Alaska regulators on Wednesday ordered ConocoPhillips Alaska Inc. to pay nearly $1 million in penalties for a well blowout that led to a weekslong release of natural gas and a brief evacuation at the company’s Alpine oil field.
The order issued by the Alaska Oil and Gas Conservation Commission on Wednesday makes final a proposed civil penalty of $913,796.80 announced on June 28. ConocoPhillips, which did not appeal the findings issued last month, has 10 days to pay the total, the AOGCC said.
The penalty is one of the largest assessed by the commission.
The order brings to a close the AOGCC’s investigation into the gas release at the CD1 well site in the Alpine field, one of the largest in Alaska. The release was discovered on March 4, 2022, and traced to freeze-protection well work done in the days prior.
The commission’s investigation concluded that ConocoPhillips had committed five separate violations that led to or followed what was determined to be a shallow blowout that sent gas streaming through multiple places, including through cracks in the drill site’s gravel pad.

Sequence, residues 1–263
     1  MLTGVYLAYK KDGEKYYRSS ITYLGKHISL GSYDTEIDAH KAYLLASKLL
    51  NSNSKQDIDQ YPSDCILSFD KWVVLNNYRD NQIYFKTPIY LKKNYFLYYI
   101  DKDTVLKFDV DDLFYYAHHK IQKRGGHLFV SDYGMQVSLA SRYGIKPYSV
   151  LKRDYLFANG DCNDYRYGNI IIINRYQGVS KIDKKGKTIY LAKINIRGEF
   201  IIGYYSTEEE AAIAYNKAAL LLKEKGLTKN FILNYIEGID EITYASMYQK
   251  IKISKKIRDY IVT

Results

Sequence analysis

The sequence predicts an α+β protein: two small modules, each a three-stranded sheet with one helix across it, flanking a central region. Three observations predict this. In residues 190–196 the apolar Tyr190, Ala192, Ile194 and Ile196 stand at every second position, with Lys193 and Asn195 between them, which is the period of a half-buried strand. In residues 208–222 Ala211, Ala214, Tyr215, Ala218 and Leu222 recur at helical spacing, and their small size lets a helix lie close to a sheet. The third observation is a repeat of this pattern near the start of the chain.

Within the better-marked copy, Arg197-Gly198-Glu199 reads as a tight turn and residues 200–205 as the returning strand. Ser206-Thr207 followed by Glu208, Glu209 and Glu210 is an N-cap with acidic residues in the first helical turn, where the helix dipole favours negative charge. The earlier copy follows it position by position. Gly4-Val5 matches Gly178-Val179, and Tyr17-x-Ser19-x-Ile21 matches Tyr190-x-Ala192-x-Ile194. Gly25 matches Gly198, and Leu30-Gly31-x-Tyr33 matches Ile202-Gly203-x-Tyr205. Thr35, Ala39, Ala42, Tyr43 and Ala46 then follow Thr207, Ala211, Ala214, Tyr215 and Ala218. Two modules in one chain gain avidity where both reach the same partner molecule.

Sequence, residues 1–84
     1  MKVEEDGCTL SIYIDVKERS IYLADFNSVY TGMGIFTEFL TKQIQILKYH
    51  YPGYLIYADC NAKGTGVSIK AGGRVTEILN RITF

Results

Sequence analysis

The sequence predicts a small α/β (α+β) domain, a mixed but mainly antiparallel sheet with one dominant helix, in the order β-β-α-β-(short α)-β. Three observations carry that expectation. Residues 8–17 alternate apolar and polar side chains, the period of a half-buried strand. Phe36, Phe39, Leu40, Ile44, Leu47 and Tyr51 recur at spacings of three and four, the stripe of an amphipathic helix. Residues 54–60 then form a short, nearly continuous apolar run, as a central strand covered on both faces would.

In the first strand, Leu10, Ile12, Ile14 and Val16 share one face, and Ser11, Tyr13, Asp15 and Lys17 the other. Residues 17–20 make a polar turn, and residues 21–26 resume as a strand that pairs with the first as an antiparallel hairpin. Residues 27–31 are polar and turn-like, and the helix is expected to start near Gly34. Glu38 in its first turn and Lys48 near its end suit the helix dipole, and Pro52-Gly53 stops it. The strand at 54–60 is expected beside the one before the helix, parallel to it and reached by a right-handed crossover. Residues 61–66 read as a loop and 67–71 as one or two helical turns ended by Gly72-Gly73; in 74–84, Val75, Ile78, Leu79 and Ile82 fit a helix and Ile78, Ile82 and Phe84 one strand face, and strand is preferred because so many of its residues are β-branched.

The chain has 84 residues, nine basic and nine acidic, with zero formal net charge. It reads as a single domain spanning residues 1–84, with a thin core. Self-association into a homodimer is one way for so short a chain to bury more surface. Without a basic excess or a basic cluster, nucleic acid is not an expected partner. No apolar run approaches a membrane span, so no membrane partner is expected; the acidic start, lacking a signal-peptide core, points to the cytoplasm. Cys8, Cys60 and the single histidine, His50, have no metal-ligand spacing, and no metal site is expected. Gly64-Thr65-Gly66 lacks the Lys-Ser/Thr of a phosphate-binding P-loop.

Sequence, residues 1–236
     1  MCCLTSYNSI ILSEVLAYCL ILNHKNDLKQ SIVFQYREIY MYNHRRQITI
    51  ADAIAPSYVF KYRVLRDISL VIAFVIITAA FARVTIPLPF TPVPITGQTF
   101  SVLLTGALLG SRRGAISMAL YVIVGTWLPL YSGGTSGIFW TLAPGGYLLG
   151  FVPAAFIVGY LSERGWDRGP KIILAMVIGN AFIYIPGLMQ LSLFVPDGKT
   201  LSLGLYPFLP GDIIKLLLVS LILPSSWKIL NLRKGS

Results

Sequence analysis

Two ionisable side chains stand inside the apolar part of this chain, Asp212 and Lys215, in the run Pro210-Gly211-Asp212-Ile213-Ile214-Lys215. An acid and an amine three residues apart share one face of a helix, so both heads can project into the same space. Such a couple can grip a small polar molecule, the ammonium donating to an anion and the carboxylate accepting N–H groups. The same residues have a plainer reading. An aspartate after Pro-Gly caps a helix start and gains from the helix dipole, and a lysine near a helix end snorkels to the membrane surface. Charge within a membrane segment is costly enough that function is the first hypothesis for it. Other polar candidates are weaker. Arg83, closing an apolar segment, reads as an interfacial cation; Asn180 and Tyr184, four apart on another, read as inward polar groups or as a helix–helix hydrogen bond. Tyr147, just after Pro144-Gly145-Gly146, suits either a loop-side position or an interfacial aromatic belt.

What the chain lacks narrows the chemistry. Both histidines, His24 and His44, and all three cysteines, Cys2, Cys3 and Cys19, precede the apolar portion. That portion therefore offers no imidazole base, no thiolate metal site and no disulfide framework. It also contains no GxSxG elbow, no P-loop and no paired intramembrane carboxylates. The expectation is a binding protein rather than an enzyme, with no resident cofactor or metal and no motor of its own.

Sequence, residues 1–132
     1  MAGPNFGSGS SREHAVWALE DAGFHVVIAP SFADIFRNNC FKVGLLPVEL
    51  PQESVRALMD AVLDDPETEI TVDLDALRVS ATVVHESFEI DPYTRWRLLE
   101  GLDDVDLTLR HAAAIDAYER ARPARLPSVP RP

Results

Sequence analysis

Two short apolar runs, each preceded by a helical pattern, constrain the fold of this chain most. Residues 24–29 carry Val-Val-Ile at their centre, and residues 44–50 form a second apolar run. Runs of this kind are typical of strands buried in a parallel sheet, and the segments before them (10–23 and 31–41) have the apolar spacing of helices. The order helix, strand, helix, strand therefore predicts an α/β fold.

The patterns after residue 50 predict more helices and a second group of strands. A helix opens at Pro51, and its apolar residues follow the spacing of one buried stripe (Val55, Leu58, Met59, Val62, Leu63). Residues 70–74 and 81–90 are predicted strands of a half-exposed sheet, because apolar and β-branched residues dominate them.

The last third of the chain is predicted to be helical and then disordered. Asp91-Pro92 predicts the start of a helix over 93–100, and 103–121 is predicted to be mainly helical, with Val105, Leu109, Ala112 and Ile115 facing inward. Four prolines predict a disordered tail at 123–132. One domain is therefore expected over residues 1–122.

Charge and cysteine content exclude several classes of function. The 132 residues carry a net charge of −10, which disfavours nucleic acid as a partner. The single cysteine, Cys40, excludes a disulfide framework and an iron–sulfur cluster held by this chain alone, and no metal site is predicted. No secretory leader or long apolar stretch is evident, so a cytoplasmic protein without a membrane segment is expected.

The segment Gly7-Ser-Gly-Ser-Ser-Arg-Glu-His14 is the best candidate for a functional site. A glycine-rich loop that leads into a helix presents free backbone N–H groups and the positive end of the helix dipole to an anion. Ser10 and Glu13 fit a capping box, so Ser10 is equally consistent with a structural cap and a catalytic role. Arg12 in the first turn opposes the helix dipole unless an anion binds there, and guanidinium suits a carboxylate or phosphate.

Among the most serious of the violations was a failure to use cement to seal the well’s outer rim in a geologic zone that the company assumed did not contain hydrocarbons. ConocoPhillips had evidence that the zone, called Halo, contained gas, but it opted against protecting the well against gas intrusions, the AOGCC investigation report said.
ConocoPhillips has estimated that the event caused 7.2 million cubic feet of natural gas to stream into the atmosphere. An additional 23.3 million cubic feet of gas was released but captured, the company told the AOGCC.
A ConocoPhillips spokesperson said the company did not dispute the penalty and has made improvements since last year’s event.
“ConocoPhillips has incorporated the learnings from this incident into our operations, and we appreciate the AOGCC’s diligence. We look forward to working constructively with the AOGCC in our ongoing development operations. We recognize that it is a privilege to operate on the North Slope and in Alaska,” company spokesperson Rebecca Boys said by email.
Originally published by the Alaska Beacon, an independent, nonpartisan news organization that covers Alaska state government.